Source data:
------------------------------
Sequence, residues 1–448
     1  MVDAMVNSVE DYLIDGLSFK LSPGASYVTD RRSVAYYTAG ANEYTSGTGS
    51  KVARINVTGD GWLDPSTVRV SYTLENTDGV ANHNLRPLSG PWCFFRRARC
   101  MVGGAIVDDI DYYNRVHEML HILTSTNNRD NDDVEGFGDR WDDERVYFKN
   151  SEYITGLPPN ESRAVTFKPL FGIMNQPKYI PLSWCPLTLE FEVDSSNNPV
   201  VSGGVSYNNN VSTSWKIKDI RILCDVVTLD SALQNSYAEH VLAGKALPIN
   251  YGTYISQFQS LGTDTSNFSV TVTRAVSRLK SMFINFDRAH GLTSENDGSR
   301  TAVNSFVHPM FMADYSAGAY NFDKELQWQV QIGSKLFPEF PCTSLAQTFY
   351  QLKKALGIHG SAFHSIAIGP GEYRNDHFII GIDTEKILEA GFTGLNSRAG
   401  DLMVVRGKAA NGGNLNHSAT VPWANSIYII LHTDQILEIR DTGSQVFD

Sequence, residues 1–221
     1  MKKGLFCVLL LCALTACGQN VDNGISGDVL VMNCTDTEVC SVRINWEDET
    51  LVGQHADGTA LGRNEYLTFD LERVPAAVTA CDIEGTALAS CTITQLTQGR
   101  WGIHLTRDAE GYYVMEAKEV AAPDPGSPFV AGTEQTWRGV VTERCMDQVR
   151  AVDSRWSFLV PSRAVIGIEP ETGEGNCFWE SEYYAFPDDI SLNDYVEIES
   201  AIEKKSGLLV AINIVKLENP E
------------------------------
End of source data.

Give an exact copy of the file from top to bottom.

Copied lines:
Sequence, residues 1–448
     1  MVDAMVNSVE DYLIDGLSFK LSPGASYVTD RRSVAYYTAG ANEYTSGTGS
    51  KVARINVTGD GWLDPSTVRV SYTLENTDGV ANHNLRPLSG PWCFFRRARC
   101  MVGGAIVDDI DYYNRVHEML HILTSTNNRD NDDVEGFGDR WDDERVYFKN
   151  SEYITGLPPN ESRAVTFKPL FGIMNQPKYI PLSWCPLTLE FEVDSSNNPV
   201  VSGGVSYNNN VSTSWKIKDI RILCDVVTLD SALQNSYAEH VLAGKALPIN
   251  YGTYISQFQS LGTDTSNFSV TVTRAVSRLK SMFINFDRAH GLTSENDGSR
   301  TAVNSFVHPM FMADYSAGAY NFDKELQWQV QIGSKLFPEF PCTSLAQTFY
   351  QLKKALGIHG SAFHSIAIGP GEYRNDHFII GIDTEKILEA GFTGLNSRAG
   401  DLMVVRGKAA NGGNLNHSAT VPWANSIYII LHTDQILEIR DTGSQVFD

Sequence, residues 1–221
     1  MKKGLFCVLL LCALTACGQN VDNGISGDVL VMNCTDTEVC SVRINWEDET
    51  LVGQHADGTA LGRNEYLTFD LERVPAAVTA CDIEGTALAS CTITQLTQGR
   101  WGIHLTRDAE GYYVMEAKEV AAPDPGSPFV AGTEQTWRGV VTERCMDQVR
   151  AVDSRWSFLV PSRAVIGIEP ETGEGNCFWE SEYYAFPDDI SLNDYVEIES
   201  AIEKKSGLLV AINIVKLENP E